18. The method of claim 10 further comprising the steps of:
receiving the program from a computer network in architectural neutral code that is independent of the computer system's specific architecture;
the loading step includes loading the received architectural neutral code of the program into the run-time memory; and
using a virtual machine module that runs on thee computer system to enable execution of the threads in the architectural neutral code of the program.
19. A computer readable memory for use with a computer system that executes a plurality of threads of execution of a program, the program being loaded into a run-time memory of the computer system, the computer readable memory comprising:
an execution controller that (A) controls execution of the threads, whereby the threads are executable and unexecutable at different times, and (B) stores into available space in a run-time memory of the computer system execution data of each of the threads when the execution data is generated; and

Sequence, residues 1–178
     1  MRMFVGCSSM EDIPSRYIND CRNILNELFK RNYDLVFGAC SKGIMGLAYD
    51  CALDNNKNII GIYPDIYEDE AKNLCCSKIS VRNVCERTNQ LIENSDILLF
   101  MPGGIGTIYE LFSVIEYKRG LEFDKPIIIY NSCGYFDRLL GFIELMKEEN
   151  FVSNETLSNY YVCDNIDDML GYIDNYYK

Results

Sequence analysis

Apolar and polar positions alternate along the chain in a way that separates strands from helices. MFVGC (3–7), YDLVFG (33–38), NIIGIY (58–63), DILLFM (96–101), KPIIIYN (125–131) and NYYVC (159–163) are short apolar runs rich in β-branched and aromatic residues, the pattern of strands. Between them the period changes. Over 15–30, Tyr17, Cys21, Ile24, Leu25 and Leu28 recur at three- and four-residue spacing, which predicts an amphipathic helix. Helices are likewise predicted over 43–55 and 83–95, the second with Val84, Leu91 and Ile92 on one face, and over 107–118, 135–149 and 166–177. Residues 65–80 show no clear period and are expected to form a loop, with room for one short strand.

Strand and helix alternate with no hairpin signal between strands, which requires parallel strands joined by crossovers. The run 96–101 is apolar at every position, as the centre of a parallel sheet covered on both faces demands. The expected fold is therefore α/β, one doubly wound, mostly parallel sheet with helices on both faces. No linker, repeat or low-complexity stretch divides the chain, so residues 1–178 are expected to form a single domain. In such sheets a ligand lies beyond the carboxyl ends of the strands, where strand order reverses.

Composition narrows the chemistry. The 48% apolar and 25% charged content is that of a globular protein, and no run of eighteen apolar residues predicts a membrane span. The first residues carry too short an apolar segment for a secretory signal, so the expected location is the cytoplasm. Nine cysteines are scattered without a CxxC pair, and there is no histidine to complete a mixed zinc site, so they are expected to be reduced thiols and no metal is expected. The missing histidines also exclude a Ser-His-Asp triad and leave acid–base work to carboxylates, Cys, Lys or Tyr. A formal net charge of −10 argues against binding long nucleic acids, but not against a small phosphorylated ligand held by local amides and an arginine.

a data compressor that (A) compresses in the run-time memory the execution data or a portion thereof of a selected thread of the threads when the selected thread is unexecutable, whereby available space is made in the run-time memory, and (B) decompresses into available space in the run-time memory the compressed execution data or portion thereof of the selected thread so that the selected thread may be executed when the selected thread is executable.
20. The computer readable memory of claim 19 wherein the data compressor decompresses the compressed execution data or portion thereof of the selected thread as soon as the selected thread becomes executable.